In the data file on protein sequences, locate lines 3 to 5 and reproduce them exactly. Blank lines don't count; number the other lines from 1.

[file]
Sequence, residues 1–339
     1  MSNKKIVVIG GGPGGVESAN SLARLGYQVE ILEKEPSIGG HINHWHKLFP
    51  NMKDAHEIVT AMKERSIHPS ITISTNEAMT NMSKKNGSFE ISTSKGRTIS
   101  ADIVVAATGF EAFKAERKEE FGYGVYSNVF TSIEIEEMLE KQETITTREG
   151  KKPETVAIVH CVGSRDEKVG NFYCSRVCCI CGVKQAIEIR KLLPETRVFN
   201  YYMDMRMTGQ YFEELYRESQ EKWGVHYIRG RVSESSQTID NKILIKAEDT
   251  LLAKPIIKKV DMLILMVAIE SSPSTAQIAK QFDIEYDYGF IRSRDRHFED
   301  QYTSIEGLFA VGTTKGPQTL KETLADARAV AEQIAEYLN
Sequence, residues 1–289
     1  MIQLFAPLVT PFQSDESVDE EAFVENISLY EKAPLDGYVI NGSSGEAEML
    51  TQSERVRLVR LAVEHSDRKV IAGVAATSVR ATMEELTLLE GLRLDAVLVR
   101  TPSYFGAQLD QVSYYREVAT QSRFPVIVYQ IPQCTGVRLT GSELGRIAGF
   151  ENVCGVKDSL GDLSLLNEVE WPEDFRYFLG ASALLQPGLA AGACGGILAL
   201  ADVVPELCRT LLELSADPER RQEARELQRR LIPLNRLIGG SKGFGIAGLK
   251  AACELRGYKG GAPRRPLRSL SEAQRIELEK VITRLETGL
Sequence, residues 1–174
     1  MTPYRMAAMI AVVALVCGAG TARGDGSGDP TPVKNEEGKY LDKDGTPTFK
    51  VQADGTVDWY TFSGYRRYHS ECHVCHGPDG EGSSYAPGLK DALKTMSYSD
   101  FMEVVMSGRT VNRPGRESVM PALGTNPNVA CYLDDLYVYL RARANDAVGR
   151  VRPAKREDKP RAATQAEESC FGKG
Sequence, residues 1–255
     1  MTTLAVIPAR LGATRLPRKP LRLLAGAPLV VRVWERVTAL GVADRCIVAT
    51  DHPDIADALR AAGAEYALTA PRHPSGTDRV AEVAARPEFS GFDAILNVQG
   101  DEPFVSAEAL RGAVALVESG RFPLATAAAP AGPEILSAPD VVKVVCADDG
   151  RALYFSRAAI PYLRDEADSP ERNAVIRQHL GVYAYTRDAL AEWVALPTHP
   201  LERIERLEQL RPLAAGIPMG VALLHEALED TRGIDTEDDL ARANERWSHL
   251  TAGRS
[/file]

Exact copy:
    51  NMKDAHEIVT AMKERSIHPS ITISTNEAMT NMSKKNGSFE ISTSKGRTIS
   101  ADIVVAATGF EAFKAERKEE FGYGVYSNVF TSIEIEEMLE KQETITTREG
   151  KKPETVAIVH CVGSRDEKVG NFYCSRVCCI CGVKQAIEIR KLLPETRVFN